Educating the educated

I attended the 2021 Education Summit last week where I had the pleasure of listening to Yuval Noah Harari and Michelle Obama. One of the key topics was the need for continuous education and the evolution of shorts courses and micro credentials.

Ever since I have studied for my A-Levels, I have always questioned the lengthy process of education and compared it to the consistently changing environments we are all involved in. The Education Summit interestingly outlined how the ‘currency’ of education will change from a degree-based education to a portfolio of education.

The Summit outlined that short courses and micro credentials will be stackable, forming an individual’s unique portfolio of education. This makes you wonder what will happen to university degrees, will fewer people commit to the duration of a degree, will degrees be split into smaller offerings? The British Council say by 2030, Universities will place an emphasis on flexibility by offering a tailored education approach. If Universities do not embrace these trends and changes and stick to the current ways, they will be left behind completely.

Looking beyond University and from an employer’s point of view, there are various benefits of this approach to education. Employees can get a tailored education approach and gain the necessary qualifications for the organisation they are in, without investing in multiple years of learning. A wide range of skills alongside the availability of quicker micro-learning, enhances an organisation’s agility to adapt to an elastic environment, something all organisations had to do in March 2020. Employees engaged in continuous learning in relevant skills will help an organisation respond to new trends and developments, influencing competitiveness and market share.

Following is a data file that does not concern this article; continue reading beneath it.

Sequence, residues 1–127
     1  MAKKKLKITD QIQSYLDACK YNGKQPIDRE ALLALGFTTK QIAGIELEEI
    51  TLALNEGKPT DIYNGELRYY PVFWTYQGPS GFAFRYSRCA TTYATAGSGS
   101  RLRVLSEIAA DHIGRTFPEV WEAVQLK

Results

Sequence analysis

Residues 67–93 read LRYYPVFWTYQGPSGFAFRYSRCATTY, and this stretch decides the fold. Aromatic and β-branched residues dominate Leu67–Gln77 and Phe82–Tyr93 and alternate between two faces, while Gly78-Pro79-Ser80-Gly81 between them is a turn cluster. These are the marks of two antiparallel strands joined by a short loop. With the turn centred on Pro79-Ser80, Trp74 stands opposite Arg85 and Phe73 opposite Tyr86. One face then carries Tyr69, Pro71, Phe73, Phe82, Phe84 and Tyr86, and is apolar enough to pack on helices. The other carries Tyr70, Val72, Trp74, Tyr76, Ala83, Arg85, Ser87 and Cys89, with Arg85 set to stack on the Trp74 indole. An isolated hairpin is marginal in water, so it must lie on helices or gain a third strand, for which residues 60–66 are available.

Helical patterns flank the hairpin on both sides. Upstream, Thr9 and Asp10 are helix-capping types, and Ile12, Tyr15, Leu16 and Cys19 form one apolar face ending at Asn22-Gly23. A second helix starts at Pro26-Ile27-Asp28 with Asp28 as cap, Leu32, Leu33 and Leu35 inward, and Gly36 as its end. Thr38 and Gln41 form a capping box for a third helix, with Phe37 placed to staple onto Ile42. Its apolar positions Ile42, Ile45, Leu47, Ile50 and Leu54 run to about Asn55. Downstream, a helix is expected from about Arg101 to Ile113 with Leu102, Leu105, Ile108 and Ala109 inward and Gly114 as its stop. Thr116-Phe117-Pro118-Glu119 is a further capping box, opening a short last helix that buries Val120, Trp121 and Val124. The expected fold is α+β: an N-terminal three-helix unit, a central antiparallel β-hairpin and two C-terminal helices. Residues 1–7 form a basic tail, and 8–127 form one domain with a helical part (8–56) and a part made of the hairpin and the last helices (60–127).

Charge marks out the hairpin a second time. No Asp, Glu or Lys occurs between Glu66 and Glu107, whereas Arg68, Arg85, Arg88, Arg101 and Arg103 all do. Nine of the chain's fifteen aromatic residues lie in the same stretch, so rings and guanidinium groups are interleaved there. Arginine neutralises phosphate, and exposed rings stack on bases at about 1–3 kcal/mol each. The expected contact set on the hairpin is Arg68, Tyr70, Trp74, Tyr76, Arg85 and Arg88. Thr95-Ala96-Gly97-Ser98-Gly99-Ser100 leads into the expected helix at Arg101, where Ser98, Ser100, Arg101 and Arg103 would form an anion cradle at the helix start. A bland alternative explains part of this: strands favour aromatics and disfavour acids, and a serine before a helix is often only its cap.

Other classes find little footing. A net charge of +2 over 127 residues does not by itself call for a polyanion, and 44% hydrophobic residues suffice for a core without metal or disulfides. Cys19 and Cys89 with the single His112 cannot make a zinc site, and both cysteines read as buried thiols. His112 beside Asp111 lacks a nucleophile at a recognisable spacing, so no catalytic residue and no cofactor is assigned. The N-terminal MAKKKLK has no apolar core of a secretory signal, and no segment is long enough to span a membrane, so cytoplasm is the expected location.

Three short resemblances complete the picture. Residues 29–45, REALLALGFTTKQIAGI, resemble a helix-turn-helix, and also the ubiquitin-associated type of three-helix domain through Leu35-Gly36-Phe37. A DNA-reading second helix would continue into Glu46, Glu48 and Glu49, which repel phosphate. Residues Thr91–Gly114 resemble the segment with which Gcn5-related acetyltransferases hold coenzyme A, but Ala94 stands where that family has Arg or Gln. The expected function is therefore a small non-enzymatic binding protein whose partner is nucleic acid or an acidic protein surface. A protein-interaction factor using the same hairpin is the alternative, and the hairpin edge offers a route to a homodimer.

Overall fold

The World Economic Forum’s research outlined UK business leader’s three main priorities when it comes to reskilling/upskilling employees:

1. Analytical skills

2. Leadership and social influence

3. Active learning and learning strategies

These three skill categories are the most frequently identified across businesses in the UK, with most reskilling needs either taking over a year or less than one month. Since the COVID-19 Pandemic began, new skills have become high in demand, with organisations looking to accelerate the adoption of digital processes and ways of working. Creativity, complex problem solving, and emotional intelligence are emerging as desired skills by employers. This makes you wonder, what skills will be demand in 10 years? Will our employability be dependent on our ability to use AI for example?

Finally, it will be interesting to see what this does to the recruitment process in organisations. Will there be a focus on finding people who have a degree/education, or finding individuals who demonstrate acquisition of specific skills relevant to the job?

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Ben Perry

Consulting Intern

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